As winter draws to a close, we turn our thoughts to spring and warm pleasant days. Being outside in the garden is a refreshing change from cold, rainy days. What will you grow in your garden this year? Choosing flowers that attract bees to your garden is a great way to help all pollinators.
Today I invited Master beekeeper Charlotte to come to share with us how to invite bees into our gardens.
Flowers That Attract Bees To Your Garden
It’s not just about honey bees
Honey bees are not the only insects that benefit from bee-friendly flowers. Many other pollinators enjoy a diverse selection of blooming plants. Bumblebees, mason bees and butterflies will make their way to your oasis of bee forage. In a world of decreasing bee habit, your planting choices can make a big difference.
Choosing the best type of flowers for bees
When choosing the best flowers for your pollinator garden, you have a few things to consider. Not all types of flowers are best suited for foraging bees. Keep these ideas in mind while browsing through the local garden center or seed catalogs.
Pollinator Attracting Wildflowers Seeds to Attract Bees, Butterflies, and other Beneficial insectsBeneficial Bug Attracting Wildflower Seeds to Attract Bees, Butterflies, and other Beneficial InsectsSolution Seeds Farm Rare Hierloom Purple Aubrieta Flower, 250 Seeds, attracting bees butterflies light up your garden
Flowers are available in a variety of shapes and styles. Choose plants that produce single-type flowers. This type of blossom has one ring of petals around a center. Single flowers produce more nectar for insects. Their simple blossoms are also easier for foraging bees to manipulate.
Flower color matters if you are a bee. Bees will forage on any blooming plant that provides nectar or pollen. However, they do have color preferences. Flowers that are blue, purple, yellow or white will do a better job of attracting bees.
Sunflowers are great for attracting bees. However, do not choose the “pollen free” variety.
Don’t forget native plants for bees
Plants that are native to your region can attract bees to your yard. Don’t forget about the wildflowers. Trees, shrubs and other native perennials should be considered.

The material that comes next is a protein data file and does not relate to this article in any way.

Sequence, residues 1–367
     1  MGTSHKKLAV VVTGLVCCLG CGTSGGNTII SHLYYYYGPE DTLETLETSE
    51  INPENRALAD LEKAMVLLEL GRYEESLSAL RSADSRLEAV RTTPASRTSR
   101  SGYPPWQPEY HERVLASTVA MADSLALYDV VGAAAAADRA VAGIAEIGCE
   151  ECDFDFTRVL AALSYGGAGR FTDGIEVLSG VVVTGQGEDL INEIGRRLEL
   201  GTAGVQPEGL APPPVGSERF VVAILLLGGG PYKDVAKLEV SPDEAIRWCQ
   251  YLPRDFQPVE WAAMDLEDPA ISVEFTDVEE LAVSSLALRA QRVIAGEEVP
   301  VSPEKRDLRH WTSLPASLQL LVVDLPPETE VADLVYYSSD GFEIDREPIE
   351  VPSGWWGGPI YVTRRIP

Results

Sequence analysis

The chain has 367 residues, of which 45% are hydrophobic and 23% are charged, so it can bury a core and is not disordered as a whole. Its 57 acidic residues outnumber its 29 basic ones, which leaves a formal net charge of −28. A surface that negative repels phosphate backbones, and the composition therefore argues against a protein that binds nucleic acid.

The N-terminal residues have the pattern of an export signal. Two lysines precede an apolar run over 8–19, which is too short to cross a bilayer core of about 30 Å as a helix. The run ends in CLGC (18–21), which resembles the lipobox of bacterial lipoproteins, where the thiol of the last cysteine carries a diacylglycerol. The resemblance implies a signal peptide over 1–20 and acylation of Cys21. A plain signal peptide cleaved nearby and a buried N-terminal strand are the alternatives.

I especially enjoy including Black-eyed Susan (Rudbeckia hirta), Bee balm (Monarda sp.) and Eastern Purple Coneflower (Echinacea purpurea) to my bee gardens. They are easy to grow from seed and require little care.
Bee balm (monarda) is beautiful in a small mass planting. Black Eyed Susan attracts bees and other pollinators. An easy to care for plant that brightens any corner.
Annual Flowers That Attract Bees
Annual flowers grow, bloom and fade away in one season. They do not come back next year and must be replanted or started from seed. Known for their vibrant colors and showy blooms, many annual flowers are attractive to bees.
My favorite annual flowers include daisies, zinnias, sunflowers, asters, and cosmos. Start them inside from seed and transplant to the garden when the frost has passed. In a few weeks, you will have a beautiful source of nectar and pollen for hungry bees.
Everyone Can Help Bees
Everyone can plant flowers that attract bees. It is not necessary to own a large yard for your bee-friendly garden. Imagine how happy a “city-bee” is to find several planters of flowers with delicious nectar.
Select plants for your garden that will provide food during times of natural scarcity. Crocus (Crocus spp.) bulbs planted in Fall provide early Spring food sources for bees.
Sedums are easy to care for and come in many different varieties. They provide nectar in later Summer when many other flowers are finished blooming.
Have no fear – bees are friendly
Foraging honey bees are no threat to humans. In fact, I find it delightful to watch bees flying from flower to flower. They are busy working with no concern for my presence.
Honey bees are not defensive while foraging. However, you should respect their space. No swatting please! Take care when planning your garden. Do not put bee-friendly plants too close to walkways and other human-occupied spaces.
Bees and humans can share a bee-friendly garden. A good design of flowers that attract bees is a thing of beauty. Food for the bees and delight for the human heart.
I hope you’ll plant a nice bee attracting garden, now that you know how to choose flowers that attract bees to your garden 😉
Become A Beekeeper
Is beekeeping for you? It just might be a hobby that you would enjoy.
Charlotte’s beekeeping blog is full of educational information on honey bees.
Master Beekeeper Charlotte Anderson lives on a small farm in upstate South Carolina.
She was the first female Master Beekeeper in her state and is a former state Beekeeper of the Year. Her website and blog teach people how to become better beekeepers.